Patricia and Juan-Carlos were heading back to Chile Chico the same day and invited us to come along with them. That was super cool, we did not even had to hitch to get back! The ride back was tiring for all. After three hours of driving, when we finally arrived to Cochrane, our hosts told us that they were too tired to continue on to Chile Chico at night. We agreed that it was not a prudent thing to do. So they went to look for a hotel, and we were eyeing up empty lots that we drove by. Patricia and Juan-Carlos walked into one hotel and emerged a few minutes later. ¨Listen, said Patricia, ¨we would like to pay for a room for you. We know that you have no problem sleeping outside tonight; by I would not sleep well knowing that you are somewhere out there. Please accept our invitation.¨ This last sentence convinced us and we gratefully accepted this generous offer. The night on a soft bed, a shower and breakfast in the morning were a refreshing change from our usual routine.
On the leisurely drive back Juan-Carlos noticed a road sing that read: ¨Balsa Baker – 1 km¨. (A ferry across the river Baker – 1 km) ¨Would you like to see the ferry? ¨ he asked us. ¨Sure, ¨ said we, ¨we are in no hurry¨. We drove down to the river and saw the ferry. It was a big steel raft that ran across the biggest Chilean river. The current was so strong that the ferry needed no motor to cross it: the ferryman simply adjusted the steel cables that attached to the cable running from bank to bank in a certain way, skewing the raft this way or that. Short front end and a long rear end made the raft drift across to the other side in a matter of minutes. Taking the same ferry were some farmers, on their way to tend to their cattle. ¨Would you like to come along to castrate some year-old bulls? ¨ asked one of the farmers. Patricia is a veterinarian and Juan-Carlos is a rodeo rider, so their eyes lit up with anxiousness. We have never been to a ranch, so we wanted to go, too.
We got off the ferry and followed our new friends down a trail, which later disappeared and we were just driving through some hilly pastures. At one point, the hill became too steep so we had to abandon our vehicles and walk the rest of the way. The ranch consisted of a small house, some farm sheds and a corral. In the corral, some thirty young bulls were hoarded together. Our farmer friends carried all the necessary tools for the castration: some lassoes, a veterinarian kit and some 16 beers. Some more men were waiting at the ranch. As soon as we came, the job began. The process was easy: A calf was let out into the bigger part of the corral. Men were swinging their lassoes above their heads. The objective was to lasso the calf in, bind its legs, put it on its side and cut off the balls. Instead of a dull job, these men turned the process into somewhat of a competition, or a game.The coolest was to throw the lasso under the calf, binding its legs and making it stumble down. The others would then run over and bind the legs, pulling the hind legs further behind to open its belly. The veterinarian would then come up, cut the bag open with a sharp knife and cut off the testicles, one by one. Some disinfecting spray and the calf was free to go.The second coolest thing was to throw the lasso over the horns. The calf would then kick, throw and bend its back. The men would then get very excited, running up to it, grabbing it by the horns and trying to bend it to the ground. Some calves were tougher then others and would chase the men around, trying to punch them with their heads. Men would ran away, yelling and having the most fun.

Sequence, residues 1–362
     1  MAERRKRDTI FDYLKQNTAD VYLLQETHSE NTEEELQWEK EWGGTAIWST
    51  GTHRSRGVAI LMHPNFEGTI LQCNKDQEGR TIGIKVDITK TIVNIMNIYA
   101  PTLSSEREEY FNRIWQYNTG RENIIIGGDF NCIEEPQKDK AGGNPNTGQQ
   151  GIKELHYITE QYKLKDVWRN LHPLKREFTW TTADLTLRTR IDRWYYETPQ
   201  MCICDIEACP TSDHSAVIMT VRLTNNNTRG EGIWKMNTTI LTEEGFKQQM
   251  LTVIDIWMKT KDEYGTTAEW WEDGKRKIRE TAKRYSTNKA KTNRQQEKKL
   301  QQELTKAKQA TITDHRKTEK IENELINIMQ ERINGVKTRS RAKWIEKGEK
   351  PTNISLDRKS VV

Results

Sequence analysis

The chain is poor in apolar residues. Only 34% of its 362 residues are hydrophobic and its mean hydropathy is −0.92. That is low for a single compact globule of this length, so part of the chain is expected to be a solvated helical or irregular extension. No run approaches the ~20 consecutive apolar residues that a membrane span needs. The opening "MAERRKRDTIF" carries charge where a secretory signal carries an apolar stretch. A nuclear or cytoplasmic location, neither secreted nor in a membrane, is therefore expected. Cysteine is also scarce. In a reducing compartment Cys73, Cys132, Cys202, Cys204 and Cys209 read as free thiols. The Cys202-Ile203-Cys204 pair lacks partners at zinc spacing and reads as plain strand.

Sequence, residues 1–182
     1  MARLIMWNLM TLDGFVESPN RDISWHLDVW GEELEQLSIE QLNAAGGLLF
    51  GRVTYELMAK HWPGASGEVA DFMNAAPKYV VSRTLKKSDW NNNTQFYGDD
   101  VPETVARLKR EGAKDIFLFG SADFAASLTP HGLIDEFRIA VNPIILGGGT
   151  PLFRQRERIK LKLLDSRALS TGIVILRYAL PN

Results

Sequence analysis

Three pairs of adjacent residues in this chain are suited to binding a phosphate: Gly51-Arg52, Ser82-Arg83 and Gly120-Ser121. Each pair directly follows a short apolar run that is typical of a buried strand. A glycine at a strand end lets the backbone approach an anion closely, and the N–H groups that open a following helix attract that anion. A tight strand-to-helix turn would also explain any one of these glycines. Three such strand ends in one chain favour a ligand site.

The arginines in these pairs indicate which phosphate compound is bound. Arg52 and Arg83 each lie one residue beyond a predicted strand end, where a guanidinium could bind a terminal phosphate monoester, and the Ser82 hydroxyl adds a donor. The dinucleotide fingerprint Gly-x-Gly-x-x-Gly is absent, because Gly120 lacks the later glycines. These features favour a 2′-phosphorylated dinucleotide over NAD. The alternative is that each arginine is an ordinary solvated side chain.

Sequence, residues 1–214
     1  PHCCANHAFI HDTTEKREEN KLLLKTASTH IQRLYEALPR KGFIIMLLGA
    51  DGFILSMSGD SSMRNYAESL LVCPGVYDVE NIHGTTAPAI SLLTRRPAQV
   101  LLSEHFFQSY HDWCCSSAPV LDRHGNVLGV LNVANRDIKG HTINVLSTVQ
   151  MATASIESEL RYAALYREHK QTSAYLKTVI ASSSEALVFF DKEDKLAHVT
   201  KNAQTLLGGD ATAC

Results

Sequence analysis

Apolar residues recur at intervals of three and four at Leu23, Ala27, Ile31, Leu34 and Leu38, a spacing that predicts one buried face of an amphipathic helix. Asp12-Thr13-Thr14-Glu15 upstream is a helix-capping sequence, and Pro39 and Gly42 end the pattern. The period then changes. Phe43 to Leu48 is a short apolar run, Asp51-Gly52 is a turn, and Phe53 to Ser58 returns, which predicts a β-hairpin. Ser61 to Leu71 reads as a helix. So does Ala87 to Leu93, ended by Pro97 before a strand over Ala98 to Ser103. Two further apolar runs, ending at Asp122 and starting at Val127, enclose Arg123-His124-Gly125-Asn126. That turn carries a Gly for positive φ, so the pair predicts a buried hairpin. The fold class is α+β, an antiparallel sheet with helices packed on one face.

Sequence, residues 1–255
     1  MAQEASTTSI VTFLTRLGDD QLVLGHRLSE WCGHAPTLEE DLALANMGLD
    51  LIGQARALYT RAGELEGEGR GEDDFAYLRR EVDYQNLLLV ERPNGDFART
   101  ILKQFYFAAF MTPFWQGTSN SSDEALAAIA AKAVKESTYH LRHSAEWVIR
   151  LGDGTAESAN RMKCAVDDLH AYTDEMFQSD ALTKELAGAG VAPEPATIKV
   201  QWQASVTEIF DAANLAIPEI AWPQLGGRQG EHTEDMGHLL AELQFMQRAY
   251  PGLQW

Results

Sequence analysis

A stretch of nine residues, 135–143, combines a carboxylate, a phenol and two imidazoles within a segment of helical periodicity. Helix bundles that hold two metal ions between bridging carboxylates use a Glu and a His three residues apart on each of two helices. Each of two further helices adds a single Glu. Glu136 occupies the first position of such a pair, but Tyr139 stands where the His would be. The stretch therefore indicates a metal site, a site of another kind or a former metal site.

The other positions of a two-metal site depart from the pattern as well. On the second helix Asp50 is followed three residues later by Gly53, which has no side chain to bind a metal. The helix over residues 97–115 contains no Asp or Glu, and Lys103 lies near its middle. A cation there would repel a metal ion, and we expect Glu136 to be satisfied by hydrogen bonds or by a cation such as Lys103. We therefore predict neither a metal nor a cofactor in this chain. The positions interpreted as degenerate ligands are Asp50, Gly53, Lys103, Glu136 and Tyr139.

The third coolest thing was to get the lasso on the calves neck.
After some ten calves were done, Carlos, the owner of the cattle, offered George a lasso. George turned out to be a born ¨gaucho¨: he lassoed in four calves: two over the horns and two over the neck. Yeea-haaa!
After all the calves were castrated, an asado followed. A two-month old lamb was especially killed for the feast, a traditional asado of the region. Men congratulated each other on the job cleanly done and were chatting about hay prices and cattle in general.
After the carcass of the lamb was eaten, the people began to leave, and so did we, continuing on towards Chile Chico tired, happy and with full bellies.
Patricia and Juan-Carlos changed their minds about going to Chile Chico, deciding to go to Coyhaique the way that we came with the truck the day before. So we parted with them late in the afternoon on the same crossroads with the shelter. It was raining and we decided to camp under the same welcoming roof for the night.Next day greeted us with sunshine and we easily hitched to the border, crossed into Argentina and camped out near the river, on the other side from Los Antiguos.

1 comment:

  1. "George turned out to be a born ¨gaucho¨"
    We are proud! :))